The use of science, technology and innovations in the agricultural sector can help farmers to plan or expand their activities while reducing the challenge of climate and weather change. I found that one of most sustainable technologies could be the use of greenhouses.
In this story I would like to showcase the use of greenhouses in Rwanda, by “The Sake Women’s Cooperative”, a women’s farmers cooperative cultivating tomatoes in a rural area.
This cooperative started with an idea of using new technologies and techniques to generate an additional income. Based on information obtained through their networks and their own experience, they chose to use greenhouses to grow tomatoes. They received a grant of 11 million Rwanda francs (appr. US$14,000) from the Imbuto Foundation. Of this, a budget of 10 million Rwanda francs was used for the construction of the 40m x 10m greenhouse itself. This was rather expensive as it is difficult to find the expertise and technicians locally. Technicians from outside of the country had to brought in, increasing the start-up cost of the project.
“The Sake Women’s Cooperative” members learned the advantages of greenhouse farming, and how they could get a high yield on a small parcel of land. Growing tomatoes in greenhouses also reduced the risk of damaged or infested crops and reduced the need for extensive weeding, typical for the outdoor’s cultivation of tomatoes.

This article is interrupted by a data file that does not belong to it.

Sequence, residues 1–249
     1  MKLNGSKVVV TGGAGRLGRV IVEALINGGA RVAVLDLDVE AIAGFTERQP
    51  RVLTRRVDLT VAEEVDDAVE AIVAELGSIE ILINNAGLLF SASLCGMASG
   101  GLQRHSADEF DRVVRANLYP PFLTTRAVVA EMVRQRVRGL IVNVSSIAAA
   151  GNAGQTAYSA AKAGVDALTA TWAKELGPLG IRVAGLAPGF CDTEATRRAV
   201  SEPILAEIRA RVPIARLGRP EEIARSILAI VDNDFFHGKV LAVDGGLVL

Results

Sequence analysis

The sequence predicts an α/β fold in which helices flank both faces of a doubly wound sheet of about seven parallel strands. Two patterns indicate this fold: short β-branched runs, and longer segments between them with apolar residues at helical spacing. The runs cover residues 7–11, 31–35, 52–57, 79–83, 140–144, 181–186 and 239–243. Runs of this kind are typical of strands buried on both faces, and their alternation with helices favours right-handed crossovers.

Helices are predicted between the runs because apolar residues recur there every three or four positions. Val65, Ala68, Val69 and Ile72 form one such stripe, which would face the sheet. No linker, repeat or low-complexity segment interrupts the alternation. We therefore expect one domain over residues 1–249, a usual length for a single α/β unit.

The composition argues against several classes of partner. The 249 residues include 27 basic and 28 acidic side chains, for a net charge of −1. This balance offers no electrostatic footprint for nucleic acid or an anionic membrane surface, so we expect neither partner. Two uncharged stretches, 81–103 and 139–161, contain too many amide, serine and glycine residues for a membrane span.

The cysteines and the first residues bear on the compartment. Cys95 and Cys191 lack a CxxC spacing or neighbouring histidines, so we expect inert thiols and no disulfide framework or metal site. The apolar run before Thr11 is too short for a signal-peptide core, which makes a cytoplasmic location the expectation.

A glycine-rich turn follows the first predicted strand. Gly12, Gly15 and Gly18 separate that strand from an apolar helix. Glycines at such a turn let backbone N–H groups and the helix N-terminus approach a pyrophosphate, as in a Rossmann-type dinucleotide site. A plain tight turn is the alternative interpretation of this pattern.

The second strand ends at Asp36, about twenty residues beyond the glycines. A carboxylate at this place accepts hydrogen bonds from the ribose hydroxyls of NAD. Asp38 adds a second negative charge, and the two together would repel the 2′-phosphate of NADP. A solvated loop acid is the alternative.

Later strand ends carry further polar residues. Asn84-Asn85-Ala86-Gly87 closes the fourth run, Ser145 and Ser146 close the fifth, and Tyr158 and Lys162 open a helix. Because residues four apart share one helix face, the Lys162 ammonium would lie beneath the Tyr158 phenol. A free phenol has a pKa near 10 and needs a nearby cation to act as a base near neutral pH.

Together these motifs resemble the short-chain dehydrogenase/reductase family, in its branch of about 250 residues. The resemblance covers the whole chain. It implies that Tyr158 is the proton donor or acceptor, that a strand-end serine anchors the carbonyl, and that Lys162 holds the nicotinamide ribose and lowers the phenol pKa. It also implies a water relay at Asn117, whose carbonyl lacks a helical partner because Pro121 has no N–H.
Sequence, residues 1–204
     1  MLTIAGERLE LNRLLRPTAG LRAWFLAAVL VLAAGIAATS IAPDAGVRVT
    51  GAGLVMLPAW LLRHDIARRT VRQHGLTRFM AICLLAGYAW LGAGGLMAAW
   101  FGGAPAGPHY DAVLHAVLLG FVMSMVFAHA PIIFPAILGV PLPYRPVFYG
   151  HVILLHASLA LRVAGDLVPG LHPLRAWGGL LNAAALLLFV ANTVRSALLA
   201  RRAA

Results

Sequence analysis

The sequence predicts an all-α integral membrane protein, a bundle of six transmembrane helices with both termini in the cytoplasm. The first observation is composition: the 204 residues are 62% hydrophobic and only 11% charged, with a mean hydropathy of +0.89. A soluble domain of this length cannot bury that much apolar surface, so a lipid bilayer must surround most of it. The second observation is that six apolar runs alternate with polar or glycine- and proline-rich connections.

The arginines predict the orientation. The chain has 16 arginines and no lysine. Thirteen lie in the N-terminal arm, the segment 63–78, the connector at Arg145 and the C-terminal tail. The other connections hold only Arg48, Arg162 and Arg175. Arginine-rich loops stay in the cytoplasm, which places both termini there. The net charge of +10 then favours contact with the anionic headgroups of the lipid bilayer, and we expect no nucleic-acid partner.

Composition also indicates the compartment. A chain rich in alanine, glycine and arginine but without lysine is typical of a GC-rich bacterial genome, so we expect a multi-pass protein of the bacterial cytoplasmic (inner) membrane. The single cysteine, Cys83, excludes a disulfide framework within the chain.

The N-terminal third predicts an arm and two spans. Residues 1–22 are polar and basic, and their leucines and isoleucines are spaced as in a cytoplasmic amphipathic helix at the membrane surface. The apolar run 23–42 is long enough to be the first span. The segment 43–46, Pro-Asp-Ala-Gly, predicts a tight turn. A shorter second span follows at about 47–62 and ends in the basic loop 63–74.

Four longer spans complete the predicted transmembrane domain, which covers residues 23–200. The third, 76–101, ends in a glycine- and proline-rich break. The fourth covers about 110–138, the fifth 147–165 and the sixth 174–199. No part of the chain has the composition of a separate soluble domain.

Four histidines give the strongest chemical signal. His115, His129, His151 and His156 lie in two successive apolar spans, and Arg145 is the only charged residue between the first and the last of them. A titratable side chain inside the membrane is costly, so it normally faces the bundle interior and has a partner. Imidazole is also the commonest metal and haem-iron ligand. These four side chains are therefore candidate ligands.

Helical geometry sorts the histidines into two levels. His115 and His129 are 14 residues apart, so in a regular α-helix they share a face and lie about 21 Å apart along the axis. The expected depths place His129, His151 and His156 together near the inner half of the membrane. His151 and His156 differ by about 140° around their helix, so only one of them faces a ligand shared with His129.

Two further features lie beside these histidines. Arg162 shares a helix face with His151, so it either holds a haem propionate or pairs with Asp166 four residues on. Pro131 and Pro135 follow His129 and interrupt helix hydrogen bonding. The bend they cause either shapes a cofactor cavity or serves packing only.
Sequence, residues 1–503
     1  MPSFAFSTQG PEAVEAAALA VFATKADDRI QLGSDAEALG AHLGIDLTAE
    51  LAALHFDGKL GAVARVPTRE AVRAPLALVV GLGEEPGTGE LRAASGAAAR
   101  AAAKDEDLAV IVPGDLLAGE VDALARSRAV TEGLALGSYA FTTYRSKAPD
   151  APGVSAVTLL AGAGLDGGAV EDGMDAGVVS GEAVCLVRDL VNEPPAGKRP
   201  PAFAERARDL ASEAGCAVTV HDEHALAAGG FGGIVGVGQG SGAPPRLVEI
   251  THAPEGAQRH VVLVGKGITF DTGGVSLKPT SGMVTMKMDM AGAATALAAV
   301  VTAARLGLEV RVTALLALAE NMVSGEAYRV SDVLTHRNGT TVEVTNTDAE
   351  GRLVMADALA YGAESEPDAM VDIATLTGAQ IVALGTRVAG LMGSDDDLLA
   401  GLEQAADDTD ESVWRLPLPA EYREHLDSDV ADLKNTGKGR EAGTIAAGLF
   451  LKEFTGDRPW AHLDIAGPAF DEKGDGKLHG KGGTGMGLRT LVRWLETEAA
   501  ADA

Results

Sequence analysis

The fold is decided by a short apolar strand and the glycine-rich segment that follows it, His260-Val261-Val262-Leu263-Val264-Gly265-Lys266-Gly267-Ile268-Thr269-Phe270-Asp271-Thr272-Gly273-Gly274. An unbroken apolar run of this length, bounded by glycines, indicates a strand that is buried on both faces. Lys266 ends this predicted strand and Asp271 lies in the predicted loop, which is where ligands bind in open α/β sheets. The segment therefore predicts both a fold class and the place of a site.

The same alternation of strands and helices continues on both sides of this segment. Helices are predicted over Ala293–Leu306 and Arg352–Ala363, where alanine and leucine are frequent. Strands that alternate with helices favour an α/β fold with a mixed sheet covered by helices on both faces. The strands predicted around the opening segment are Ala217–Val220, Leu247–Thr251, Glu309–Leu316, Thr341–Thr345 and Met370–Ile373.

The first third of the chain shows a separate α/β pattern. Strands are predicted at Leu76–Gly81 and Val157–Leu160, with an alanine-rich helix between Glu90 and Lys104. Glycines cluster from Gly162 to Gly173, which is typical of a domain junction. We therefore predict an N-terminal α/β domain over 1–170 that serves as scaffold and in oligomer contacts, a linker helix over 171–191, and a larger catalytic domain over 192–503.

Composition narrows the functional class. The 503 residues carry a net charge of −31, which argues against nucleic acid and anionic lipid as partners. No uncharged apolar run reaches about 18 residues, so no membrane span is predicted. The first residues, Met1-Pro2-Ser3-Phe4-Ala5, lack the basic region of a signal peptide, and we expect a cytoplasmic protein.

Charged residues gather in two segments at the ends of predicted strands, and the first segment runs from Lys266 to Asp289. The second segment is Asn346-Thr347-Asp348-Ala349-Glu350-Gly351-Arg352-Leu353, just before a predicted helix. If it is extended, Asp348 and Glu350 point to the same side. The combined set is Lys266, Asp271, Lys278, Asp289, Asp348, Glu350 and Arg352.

In their greenhouse of 40m×10m, they have 870 tomato plants. They use manure as an organic fertilizer. They use rain water for irrigation of the plants. The cooperative plans to harvest about 7,2 tons of tomatoes in their first harvest. In one year they harvest three times, with an income of 3 million Rwanda francs (appr. US$3,800) per growing cycle. So per year, they will get a revenue of about 9 million Rwanda francs (appr. US$11,500).
The use of greenhouses is a relative new technology in Rwanda, and the cooperative still has to learn as they go along… One of the challenges is also to find new markets, and get market access. They need to learn the skills to tend to their crops day per day. They are challenged with finding adequate storage techniques and post-harvest technologies. But they are motivated and will learn as they go along.
I am looking forward to attend the 7th African Agriculture Science Week to see how the government and the private sector are willing to invest in educating local youths on greenhouse technologies, specifically in the construction of the structures. Reducing the current high construction costs will decrease the start-up cost, and increase the profit for local communities and cooperatives such as “The Sake Women’s Cooperative”.
Blogpost and picture by Muhire Rodrigue – rodriguemuhire7(at)gmail.com, #AASW7 social reporter.
This post represents the author’s views only.